Greece Letter: Lure of global village draws lifeblood from rural landscape in Corfu

There is not much for young people to return to once they have had a taste of urban life

In Greece the villages are becoming depopulated by emigration to the cities and abroad

In Greece the villages are becoming depopulated by emigration to the cities and abroad


Nail-biting time for school-leavers is as intense in Greece as it is in Ireland. Will they or won’t they get the points they need for their chosen college courses? If they do, there’s a strong likelihood that their degree will mean living away from home for most of their working lives. In a small village, that creates its own dilemmas.

The anxieties voiced in this paper by Diarmuid Ó Gráda on July 11th concerning rural decline are every bit as prevalent in Greece, where the villages are becoming depopulated by emigration to the cities and abroad.

Increased mobility through car ownership means the shopping centre is replacing the village shop: financial concentration makes local trade non-viable. Increasing administrative centralisation is another factor: a village diminishes as its vital organs atrophy – the post office, the school, the pub.

Rural Greece lost most of its schools over the past 30 years. Villages are even losing their focal point: the local bar (kafeneion). I can think of three in Corfu that have recently closed due to the deaths of their elderly owners. The village is not yet dead, but very silent.

Adapt or die?

Does the shrinking village suffer from its failure to adapt? Does it deserve to die? Would the introduction of small industries, especially hi-tech ones, reverse what is fast becoming a string of skeletal settlements, validated only by the passing tourist trade during the summer months, and invisible and dormant the rest of the year?

An even greater factor in this leavetaking is university (or technical college) education, which provides an exit to a “better” life – a professional career and wider horizons than the village can offer.

One schoolboy in the village where I live made a bazooka that fired a missile 300 yards. He’s now studying robotics and weapon design. Luckily he hasn’t heard of the Daleks (“ex-ter-min-ate!”) or he would have a one-stop destination for his twin talents. But he isn’t coming back. His best friend isn’t so bright, and stayed at home as an apprentice electrician. Win one, lose one.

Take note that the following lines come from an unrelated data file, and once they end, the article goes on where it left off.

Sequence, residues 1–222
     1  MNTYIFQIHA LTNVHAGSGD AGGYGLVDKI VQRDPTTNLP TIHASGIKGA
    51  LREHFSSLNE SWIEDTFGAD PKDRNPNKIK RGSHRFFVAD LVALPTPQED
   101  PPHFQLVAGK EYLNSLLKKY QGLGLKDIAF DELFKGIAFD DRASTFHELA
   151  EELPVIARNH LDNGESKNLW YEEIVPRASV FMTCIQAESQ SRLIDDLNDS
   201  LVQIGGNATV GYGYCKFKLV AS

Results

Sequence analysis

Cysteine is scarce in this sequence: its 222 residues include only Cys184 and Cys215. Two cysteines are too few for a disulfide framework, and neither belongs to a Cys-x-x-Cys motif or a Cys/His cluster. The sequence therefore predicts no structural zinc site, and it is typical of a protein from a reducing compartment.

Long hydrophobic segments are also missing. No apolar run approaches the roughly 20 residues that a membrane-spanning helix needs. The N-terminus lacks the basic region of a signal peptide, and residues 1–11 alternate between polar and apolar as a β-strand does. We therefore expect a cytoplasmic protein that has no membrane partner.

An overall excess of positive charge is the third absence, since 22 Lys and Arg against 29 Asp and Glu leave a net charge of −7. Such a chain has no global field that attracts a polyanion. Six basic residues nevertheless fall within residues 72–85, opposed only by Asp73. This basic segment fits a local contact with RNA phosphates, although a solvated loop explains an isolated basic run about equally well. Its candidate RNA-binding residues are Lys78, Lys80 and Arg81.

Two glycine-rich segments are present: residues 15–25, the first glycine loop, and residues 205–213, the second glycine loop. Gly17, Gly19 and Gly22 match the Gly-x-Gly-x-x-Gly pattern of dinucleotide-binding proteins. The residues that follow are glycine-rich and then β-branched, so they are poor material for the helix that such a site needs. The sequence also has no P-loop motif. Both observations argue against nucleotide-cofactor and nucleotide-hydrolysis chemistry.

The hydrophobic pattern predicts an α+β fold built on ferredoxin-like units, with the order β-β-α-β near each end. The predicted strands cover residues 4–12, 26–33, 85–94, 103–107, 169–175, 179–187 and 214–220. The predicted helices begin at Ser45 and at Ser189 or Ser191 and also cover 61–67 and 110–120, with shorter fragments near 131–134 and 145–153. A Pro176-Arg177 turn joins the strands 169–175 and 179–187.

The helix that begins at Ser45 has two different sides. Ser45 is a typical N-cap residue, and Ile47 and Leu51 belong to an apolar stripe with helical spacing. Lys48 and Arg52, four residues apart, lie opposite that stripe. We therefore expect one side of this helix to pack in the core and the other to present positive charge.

It’s glib to say “the soul goes out of the village” but, haemorrhage or brain drain, it’s true nonetheless. In the past two years, three of the five school-leavers have gone to university, with little prospect of their returning except on family visits. Not much call for robotics round here.

One of this year’s leavers, Barbara, wants to study cosmetics with a view to working in the film industry; bye, Barbara. Another gone.

That leaves two young men – and no girls – in a village that once boasted two schools (none now) and over 10 kafeneions (two remain).

I saw the same problem in Connemara, where I lived in the early 2000s. In one village, two of the pubs and both the shops closed, because the children did not want to take over their parents’ business.

One girl studied aeronautical engineering and now works for British Aerospace. Alcock and Brown’s historic landing in Clifden in 1919 didn’t encourage a local aeroplane industry. Nor did the long-defunct Marconi transatlantic signalling station stimulate any local initiative in communication technology.

Family pride and village pride lose out to the attractions of better-paid cosmopolitan life. There is no jobs market at home, and few marriage options. There are no bank loans for start-up enterprise, and family savings have long been exhausted by the imperatives of austerity. “Cottage industry” doesn’t exist.


Can you argue with “progress”? These young people are entitled to a first-generation university education and the opportunities it offers to take them away from the traditional, inward-looking, familiar world towards something new, challenging and exciting.

No one has yet devised a programme that can reconcile this legitimate demand for self-improvement with the equally legitimate need of rural society to cohere and, to use Brian Friel’s wonderful word, “resile”.

The points system in Greece is similar to that in Ireland. Out of a maximum of 20,000 points, you need 10,000 to be eligible for university, and at least 13,000 for the college and course of your choice. As in Ireland, points requirements mount in the more specialised subjects and according to availability of places in the individual colleges.

A basic BA in computing or economics may confer little job potential (I know of one civil engineer working on a supermarket checkout).This may therefore point the graduate back home to take over the family business. We have two shops and two tavernas in the village which will depend for their medium-term survival on the returning graduates.

At the end of August we will know whether this year’s two school-leavers will get places, and on what courses. And this will tell us whether or not they will be coming back. It’s nail-biting time for everyone.

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